Famous Women Chemical Engineers

Marie Curie

One morning this week, I heard an interesting but disheartening story on the BBC Radio. The story was called "Famous female scientists are unknown to UK public.

A survey, organised by the Royal Society, revealed that 90% of 18-24 year-olds could not name a female scientific figure--either current or historical.

That would mean that they could not name Marie Curie, or Florence Nightingale, Rachel Carson, Rosalind Franklin, or Jane Goodall. Half the respondents could name a famous male scientist (Albert Einstein topped the list).

Then, I was thinking of how many female chemical engineers have achieved high visibility and recognition. There are a few, and luckily the field is growing. First there are some who are National Academy of Engineering members, such as Kristi Anseth, Frances Arnold, Elisabeth Drake, Elizabeth Dussan, Alice Gast, Carol Hall, Ann Lee, and Miranda Yap.

Then there is Lisa Jackson, current head of the EPA, Dianne Dorland, the first woman president of AIChE (in 2003), and Maria Burka, AIChE's current president elect. There are probably many more as well.

Next year is the International Year of Chemistry. AIChE will be celebrating it as the de facto year of chemical engineering.

One of the focal points will be on women and minorities in the field. I hope that we all determine how we can increase the number of famous female chemical engineers.

What famous female chemical engineers do you know?

Marie Curie image via wikimedia commons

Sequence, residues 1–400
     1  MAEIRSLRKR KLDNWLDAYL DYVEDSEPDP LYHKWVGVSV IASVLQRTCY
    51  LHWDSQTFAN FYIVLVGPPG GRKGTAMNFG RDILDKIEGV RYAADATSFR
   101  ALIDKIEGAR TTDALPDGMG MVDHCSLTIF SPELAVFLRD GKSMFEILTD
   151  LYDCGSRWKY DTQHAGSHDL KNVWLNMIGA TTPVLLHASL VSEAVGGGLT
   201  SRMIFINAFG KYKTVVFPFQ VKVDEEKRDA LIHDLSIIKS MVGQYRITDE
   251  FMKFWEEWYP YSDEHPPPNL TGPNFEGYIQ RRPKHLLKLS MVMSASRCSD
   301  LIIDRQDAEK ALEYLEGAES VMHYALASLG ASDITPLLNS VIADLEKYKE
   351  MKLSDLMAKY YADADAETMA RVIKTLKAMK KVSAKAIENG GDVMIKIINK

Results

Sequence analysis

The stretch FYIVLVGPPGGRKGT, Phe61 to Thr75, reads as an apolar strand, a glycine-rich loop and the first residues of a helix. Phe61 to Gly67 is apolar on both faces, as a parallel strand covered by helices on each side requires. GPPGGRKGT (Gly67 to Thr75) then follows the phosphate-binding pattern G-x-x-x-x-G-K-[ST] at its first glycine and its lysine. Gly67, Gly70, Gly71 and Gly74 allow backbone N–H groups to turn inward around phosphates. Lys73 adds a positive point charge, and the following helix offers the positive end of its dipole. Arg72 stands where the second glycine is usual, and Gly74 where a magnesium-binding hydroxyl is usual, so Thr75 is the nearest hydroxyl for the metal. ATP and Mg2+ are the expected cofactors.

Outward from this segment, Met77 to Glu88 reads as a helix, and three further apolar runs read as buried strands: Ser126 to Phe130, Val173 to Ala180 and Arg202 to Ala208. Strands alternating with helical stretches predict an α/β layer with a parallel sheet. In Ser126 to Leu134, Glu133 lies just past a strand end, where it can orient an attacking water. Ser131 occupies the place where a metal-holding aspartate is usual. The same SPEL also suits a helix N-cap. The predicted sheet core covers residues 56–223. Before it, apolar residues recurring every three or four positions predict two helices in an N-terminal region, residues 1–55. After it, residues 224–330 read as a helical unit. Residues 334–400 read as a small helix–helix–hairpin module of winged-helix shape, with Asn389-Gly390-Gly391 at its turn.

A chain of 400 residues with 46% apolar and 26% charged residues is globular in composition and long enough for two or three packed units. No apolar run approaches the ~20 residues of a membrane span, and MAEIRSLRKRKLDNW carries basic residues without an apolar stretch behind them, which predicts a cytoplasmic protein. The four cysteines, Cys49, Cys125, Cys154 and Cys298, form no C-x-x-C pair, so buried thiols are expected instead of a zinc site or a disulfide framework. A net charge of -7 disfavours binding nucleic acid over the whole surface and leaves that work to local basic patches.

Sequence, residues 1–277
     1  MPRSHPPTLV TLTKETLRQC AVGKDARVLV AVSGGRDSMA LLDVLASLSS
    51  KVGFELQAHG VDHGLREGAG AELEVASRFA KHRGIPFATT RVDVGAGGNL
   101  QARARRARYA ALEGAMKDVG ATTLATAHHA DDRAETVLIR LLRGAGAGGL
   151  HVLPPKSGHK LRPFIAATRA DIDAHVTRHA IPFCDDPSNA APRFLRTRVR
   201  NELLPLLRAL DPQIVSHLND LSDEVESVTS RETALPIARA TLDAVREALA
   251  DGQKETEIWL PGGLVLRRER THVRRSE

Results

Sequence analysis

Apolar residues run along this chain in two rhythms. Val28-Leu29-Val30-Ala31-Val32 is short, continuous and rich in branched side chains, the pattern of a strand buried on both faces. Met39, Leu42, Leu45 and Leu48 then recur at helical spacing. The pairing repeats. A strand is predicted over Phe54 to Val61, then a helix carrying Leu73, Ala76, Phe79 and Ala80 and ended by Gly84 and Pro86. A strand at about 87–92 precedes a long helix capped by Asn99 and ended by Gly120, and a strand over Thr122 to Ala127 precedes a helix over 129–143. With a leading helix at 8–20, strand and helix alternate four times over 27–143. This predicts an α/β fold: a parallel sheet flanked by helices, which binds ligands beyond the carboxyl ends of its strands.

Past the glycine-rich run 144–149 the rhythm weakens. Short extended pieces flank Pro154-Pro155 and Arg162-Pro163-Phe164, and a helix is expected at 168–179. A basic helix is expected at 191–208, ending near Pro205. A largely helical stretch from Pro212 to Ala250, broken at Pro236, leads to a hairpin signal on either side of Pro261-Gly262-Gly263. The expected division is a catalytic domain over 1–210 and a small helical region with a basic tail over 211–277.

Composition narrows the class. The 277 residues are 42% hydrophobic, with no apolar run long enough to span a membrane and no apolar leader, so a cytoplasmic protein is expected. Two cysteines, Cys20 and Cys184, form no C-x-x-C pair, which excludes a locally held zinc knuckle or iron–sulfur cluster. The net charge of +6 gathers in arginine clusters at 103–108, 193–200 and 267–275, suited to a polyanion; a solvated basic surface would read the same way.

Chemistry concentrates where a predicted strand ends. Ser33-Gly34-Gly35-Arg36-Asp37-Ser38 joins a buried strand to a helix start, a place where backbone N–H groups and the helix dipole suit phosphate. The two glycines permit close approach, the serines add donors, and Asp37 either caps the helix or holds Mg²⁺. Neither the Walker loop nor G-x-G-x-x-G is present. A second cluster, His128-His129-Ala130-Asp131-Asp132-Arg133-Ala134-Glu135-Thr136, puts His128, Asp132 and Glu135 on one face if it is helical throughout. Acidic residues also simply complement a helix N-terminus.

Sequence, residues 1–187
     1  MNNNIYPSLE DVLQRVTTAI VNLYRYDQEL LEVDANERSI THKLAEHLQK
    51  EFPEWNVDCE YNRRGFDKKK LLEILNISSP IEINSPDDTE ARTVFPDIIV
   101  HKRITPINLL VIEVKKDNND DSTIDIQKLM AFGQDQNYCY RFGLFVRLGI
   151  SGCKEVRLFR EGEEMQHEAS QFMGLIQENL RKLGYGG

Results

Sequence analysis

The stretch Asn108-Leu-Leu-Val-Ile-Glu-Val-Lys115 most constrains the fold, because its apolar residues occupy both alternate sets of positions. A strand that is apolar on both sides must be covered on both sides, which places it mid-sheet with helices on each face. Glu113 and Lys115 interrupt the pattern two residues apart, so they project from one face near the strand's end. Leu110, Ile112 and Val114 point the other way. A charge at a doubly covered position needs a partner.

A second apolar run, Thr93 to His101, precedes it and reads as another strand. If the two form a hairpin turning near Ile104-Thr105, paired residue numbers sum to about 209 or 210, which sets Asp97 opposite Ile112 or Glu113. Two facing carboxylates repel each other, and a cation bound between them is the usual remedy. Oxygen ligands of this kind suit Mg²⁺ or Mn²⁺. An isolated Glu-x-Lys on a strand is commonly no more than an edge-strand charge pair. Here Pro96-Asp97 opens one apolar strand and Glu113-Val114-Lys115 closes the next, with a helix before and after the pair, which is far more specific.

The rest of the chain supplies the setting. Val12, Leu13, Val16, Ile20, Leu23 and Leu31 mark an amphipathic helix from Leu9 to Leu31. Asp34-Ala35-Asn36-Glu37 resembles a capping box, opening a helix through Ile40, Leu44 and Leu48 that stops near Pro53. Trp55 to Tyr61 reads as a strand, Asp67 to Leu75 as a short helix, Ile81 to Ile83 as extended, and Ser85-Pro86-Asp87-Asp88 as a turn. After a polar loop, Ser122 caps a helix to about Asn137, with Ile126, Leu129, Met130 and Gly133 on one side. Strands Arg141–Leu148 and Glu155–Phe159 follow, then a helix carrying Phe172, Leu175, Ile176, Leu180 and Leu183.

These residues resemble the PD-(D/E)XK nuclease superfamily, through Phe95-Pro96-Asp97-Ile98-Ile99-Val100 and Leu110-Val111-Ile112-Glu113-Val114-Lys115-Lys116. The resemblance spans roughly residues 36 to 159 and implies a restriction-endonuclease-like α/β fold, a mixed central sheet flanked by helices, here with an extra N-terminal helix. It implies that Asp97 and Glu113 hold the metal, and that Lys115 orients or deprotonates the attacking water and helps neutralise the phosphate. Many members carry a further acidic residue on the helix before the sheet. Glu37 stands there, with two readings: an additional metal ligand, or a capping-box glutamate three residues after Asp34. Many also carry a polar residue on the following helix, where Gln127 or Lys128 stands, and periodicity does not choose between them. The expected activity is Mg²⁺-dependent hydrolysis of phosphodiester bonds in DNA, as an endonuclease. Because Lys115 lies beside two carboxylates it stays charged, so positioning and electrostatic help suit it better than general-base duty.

Keith's picture

Sorry to burst your bubble, but most Chem E's do not enter the field for fame. And if they did, I would question their motivation for choosing the field in the first place. Right after I would question their sanity for seeking "fame" in the engineering arena. No doubt the women you mention have notable achievements and have an impressive collection of research accomplishments. But worthy of fame? Be real, the giants upon whose shoulders we all stand had the benefit of being the first ones to really put the science into engineering. People like Reynolds, Nusselt, Gibbs, Langmuir, etc. may have become famous in the field of engineering, but they are hardly known outside of our closed little clique.

Nice topic. I think 'List of chemical engineers' from Wikipedia, is a good starting point... although I've only counted 3 women on the list.

ehorahan's picture

I think that it is important to point out that women were not allowed to even vote in the United States until August 26, 1920 whereas Marie Curie had already discovered Polonium and was awarded the Nobel Prize in Physics by the end of 1903 (She won a second Nobel Prize in 1911). Florence Nightingale passed in 1910 and Rosalind Franklin was just one month old when the 19th Amendment was certified.

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